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69 1/T (K -1 ) 0.00 0.02 0.04 0.06 0.08 0.10 Ln( r ) 3 4 5 6 7 8 9 10 11 Figure 3 5 Arrhenius plot for CLC. Temperature (K) 0 50 100 150 200 250 300 Resistivity (mOhm-cm) 6.5 7.0 7.5 8.0 8.5 9.0 Figure 3 6 Resistivity v. Temperature of CLD

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70 Temperature (K) 0 50 100 150 200 250 300 Seebeck (microV/K) -150 -100 -50 0 50 CLD CLA CLB CLC Figure 3 7 Temperature dependent Seebeck coefficient for the four Ba 8 Ga 16 x Ge 30+x s ample s corresponding magnitude increase in Seebeck. The sample with the lowest Seebeck (CLA) demonstrated a slightly lower carrier concentration tha n expected due to Ba deficiency (see Table V ). For the Ba 8 Ga 16 y Si x Ge 30 x +y series, the n type sample with the lowest carrier concentration (CL2, 5.18 x 10 17 cm 3 ) also exhibited the greatest resistivity and the most pronounced semiconducting depende nce, while the n type sample with the highest carrier concentration (CL4, 5.63 x 10 18 cm 3 ) exhibited a lower resistivity (Figure 3 8 ) The p type sample demonstrated the lowest resistivity observed in the series, and a nonmonotonic temperature dependence, although less pronounced than in the Ba 8 Ga 16 x Ge 30+x series. For T < 2 3 0 K CL 1 demonstrates a metallic temperature

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71 Temperature (K) 0 50 100 150 200 250 300 Resistivity (mOhm-cm) 0 2000 4000 6000 8000 10000 12000 14000 CL2 CL3 CL4 CL1 Figure 3 8 Temperature dependent resistivity for the four Ba 8 Ga 16 y Si x Ge 30 x+y s ample s. Temperature (K) 210 220 230 240 250 260 Resistivity (mOhm-cm) 16.0 16.2 16.4 16.6 16.8 17.0 17.2 17.4 17.6 CL1 Figur e 39 Temperature dependent resistivity for CL1 in the interval 210 K 260 K indicating the unique t emperature dependenc e between 230 K and 2 4 0 K.

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72 dependence with d ?/dT > 0 and a semiconducting temperature dependence with d?/dT < 0 for T > 250 K. A more detailed measurement ( Figure 39 ) indicates a unique transition in temperature depend encies between 230 K and 24 0 K. The metallic temperature dependence may indicate conduction in impurity states or dual conduction Furt her study on this sample is needed to completely understand this phenomen on The large resistivities in this series are reasonably explained by observing the summation of the framework atoms is 45.91 for the 3 n type and 45.95 for the p type, less than the required 46. These vacancies may introduce defect states within the band gap. Since these defect states are presumably lower in energy than the conduction band states, electrons from the guest atoms would tend to prefer the se defect states, lowering the carrier concentration. With the introduction of smaller bond lengths from the Si atoms and the subsequent suppressi on of the lattice parameter, the large radius of the Ba ion may encourage vacancy formation. Although the Si content varied in amount for the 3 n type samples, the number of defects remained constant with in experimental uncertainty suggesting Si framework substitution may encourage this defect formation on preferred sites. Refinement studies on Ba 8 Si 46 x Ge x observed preferential occupancy for Ge on the 24 k sites first then the 16 i sites. 39 Si occupancy and vacancies were observed only for the 6 c sites. Comparison of the Seebeck coefficients (Figure 4 0 ) for the n type Ba 8 Ga 16 y Si x Ge 30 x +y series to their respective carrier concentrations illuminated an unexpected direct relationship: as the number of charge carriers increased the Seebeck magnitude also increased. Although the Ga to Ge ratios and the Ga to Si ratios varied, the Ga to group IV element ratios demonstrated no differentiation between the n type samples within experimental error (Ga/ IV for CL 2 = 0.526, CL 3 = 0.523, and CL 4 = 0.526). Thus, the changes in carrier concentration do not correlate to a variation in acceptor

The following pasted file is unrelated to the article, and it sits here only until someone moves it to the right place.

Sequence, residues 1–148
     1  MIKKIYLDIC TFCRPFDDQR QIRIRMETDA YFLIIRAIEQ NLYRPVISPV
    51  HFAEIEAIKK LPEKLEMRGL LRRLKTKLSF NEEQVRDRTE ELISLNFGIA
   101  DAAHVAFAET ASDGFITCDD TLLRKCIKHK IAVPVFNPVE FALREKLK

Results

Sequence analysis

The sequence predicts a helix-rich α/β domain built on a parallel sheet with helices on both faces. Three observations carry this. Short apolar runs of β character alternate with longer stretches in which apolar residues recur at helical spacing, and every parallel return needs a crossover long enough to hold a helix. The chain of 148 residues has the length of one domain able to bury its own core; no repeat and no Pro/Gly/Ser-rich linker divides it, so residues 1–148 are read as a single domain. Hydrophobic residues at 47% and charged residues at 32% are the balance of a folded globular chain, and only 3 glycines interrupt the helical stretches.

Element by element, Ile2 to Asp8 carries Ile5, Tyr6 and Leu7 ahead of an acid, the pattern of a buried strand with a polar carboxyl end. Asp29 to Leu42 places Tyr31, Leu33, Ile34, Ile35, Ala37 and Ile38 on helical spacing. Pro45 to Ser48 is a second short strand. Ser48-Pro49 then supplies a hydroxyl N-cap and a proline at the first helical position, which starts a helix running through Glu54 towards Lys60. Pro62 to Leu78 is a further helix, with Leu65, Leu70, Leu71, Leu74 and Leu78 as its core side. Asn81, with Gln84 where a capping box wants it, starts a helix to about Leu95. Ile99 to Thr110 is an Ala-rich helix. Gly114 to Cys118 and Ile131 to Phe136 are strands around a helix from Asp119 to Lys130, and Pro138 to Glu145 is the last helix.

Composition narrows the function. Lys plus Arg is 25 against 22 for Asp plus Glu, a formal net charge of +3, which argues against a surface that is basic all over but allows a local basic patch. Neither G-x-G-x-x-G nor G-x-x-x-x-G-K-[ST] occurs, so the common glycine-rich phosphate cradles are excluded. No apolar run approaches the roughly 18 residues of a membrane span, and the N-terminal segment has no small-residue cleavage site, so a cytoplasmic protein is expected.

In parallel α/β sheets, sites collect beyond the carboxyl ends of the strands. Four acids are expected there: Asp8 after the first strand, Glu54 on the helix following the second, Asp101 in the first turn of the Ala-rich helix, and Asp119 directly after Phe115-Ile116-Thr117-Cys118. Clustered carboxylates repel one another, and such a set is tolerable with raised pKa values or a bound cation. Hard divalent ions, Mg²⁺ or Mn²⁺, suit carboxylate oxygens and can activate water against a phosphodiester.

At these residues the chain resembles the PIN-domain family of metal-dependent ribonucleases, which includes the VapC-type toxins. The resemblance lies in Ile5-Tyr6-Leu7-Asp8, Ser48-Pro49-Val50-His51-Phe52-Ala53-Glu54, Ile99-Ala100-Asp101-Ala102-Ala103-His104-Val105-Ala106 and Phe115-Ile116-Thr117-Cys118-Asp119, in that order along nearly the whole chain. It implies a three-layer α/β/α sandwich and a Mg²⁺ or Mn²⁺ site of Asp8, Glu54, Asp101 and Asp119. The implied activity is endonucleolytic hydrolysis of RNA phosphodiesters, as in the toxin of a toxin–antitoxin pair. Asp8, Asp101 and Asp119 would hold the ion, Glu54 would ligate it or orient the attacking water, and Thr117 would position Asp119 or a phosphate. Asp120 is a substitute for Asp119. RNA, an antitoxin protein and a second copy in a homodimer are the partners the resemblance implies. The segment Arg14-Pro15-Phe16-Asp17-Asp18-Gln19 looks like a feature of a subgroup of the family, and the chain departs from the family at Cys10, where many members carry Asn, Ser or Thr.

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73 Temperature (K) 0 50 100 150 200 250 300 Seebeck (microV/K) -100 -80 -60 -40 -20 0 20 40 CL4 CL1 CL2 CL3 Figure 4 0 Temperatu re dependent Seebeck coefficient for the four Ba 8 Ga 16 y Si x Ge 30 x+y s amples levels. Suppression of the lattice parameter as the Si content increases, coupled to the increase in Seebeck coefficient suggests a deformation in the polyhedra due to the smalle r Si atoms that may increase the anisotropic overlap of the wavefunctions between the metallic bonding orbitals and the antibonding orbitals of the host atoms. This may alter the band structure and permit the simultaneous increase in carrier concentration and the Seebeck coefficient. Assuming a single carrier type in a parabolic band, the absence of mu l t i band effects, and ignoring the possibility of phonon drag, the carrier effective mass was estimated by expressing the Seebeck coefficient directly in ter ms of Fermi Dirac integrals 6